Evernote is a popular app for our team looking to keep shared notebooks and folders, particularly when planning out ideas and campaigns. For example, our Customer Success team can keep a shared notebook on stories from our customers segmented by industry, or country, or size, so there is a one-stop repository for quotes and requests from our customers.

We’ve told you what our favourite tools are and how our teams use them. The lesson here is that collaboration is increasingly at the heart of the tools we use in our modern workplace. This is true not only across remote teams, but even teams within an office. Whether it’s working on documents, presentations, projects, code, design files, or email – collaboration is what makes work better.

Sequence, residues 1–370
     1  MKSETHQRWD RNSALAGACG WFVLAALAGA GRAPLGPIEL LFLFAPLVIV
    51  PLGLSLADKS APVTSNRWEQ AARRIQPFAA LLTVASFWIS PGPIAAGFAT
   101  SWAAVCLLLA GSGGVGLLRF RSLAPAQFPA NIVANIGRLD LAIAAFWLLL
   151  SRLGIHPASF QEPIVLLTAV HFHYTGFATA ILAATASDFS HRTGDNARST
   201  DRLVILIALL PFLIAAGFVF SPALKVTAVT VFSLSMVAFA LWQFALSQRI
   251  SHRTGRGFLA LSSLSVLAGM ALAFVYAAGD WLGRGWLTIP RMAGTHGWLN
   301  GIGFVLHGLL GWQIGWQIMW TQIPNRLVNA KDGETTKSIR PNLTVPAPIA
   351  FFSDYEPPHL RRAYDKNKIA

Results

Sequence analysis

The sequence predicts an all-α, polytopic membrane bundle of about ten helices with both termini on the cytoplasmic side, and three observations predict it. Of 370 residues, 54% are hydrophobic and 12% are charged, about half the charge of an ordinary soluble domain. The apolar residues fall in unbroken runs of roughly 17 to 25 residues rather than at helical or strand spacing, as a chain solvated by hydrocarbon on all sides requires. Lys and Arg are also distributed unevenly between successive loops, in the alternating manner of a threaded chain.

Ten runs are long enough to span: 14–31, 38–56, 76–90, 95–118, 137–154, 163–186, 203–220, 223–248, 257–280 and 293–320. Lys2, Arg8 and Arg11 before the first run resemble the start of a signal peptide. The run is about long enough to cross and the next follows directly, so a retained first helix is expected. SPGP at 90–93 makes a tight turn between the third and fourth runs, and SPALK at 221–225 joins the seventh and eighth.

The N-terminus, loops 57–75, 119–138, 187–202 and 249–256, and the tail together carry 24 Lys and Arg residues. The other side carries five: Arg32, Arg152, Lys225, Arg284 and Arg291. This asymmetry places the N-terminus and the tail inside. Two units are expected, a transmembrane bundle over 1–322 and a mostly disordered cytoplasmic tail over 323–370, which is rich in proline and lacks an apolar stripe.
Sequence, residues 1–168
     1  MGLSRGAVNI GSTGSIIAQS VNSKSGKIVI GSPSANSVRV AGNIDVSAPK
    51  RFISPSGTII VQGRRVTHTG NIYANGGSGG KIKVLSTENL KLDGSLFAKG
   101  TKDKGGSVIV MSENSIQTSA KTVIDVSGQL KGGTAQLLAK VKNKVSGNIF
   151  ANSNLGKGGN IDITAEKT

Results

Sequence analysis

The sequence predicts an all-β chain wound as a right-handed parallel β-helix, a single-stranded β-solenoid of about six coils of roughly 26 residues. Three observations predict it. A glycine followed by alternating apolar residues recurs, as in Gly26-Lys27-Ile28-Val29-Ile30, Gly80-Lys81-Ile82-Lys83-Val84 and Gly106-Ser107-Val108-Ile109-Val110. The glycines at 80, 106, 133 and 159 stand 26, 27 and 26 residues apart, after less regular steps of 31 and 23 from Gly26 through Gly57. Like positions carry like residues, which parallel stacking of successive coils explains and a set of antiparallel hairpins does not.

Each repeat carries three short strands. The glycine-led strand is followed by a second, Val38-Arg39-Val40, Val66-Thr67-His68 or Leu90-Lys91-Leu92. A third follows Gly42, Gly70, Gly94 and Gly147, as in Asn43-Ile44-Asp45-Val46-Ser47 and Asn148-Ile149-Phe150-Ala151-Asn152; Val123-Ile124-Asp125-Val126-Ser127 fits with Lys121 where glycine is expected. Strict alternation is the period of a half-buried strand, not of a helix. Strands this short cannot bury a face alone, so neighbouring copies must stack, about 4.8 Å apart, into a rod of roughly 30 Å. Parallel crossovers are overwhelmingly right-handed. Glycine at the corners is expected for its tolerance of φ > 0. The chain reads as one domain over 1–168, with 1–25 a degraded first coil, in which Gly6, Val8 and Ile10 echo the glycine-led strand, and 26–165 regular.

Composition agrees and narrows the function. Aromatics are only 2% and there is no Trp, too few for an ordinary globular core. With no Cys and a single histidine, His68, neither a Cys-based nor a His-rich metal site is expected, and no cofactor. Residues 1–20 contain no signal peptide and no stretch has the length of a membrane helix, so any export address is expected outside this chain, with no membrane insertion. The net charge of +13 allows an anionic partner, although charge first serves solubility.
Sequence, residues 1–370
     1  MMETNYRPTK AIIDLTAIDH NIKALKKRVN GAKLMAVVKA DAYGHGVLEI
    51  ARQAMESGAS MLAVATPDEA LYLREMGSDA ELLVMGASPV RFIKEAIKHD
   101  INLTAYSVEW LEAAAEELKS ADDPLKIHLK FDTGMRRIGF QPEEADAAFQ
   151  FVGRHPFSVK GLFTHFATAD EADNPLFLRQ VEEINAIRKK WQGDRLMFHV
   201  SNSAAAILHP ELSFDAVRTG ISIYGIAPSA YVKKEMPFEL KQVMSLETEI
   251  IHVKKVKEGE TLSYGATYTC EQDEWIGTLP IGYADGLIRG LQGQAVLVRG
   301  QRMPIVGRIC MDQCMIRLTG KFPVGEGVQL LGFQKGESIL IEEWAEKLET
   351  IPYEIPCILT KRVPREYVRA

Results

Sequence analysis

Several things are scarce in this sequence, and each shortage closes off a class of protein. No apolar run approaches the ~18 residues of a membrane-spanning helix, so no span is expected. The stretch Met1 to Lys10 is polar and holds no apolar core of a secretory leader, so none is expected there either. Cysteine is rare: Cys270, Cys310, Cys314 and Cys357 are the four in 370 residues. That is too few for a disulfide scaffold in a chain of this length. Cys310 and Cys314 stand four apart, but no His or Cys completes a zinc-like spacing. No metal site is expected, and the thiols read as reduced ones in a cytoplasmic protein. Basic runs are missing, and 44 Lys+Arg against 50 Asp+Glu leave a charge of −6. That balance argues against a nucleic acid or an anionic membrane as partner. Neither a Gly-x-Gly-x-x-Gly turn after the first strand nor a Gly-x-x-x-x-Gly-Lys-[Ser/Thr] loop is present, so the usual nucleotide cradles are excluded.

Now it’s your turn to share. What tools does your team use that we may have missed? Share your #CollaborationStack on Twitter to let us know how you and your team work faster, together.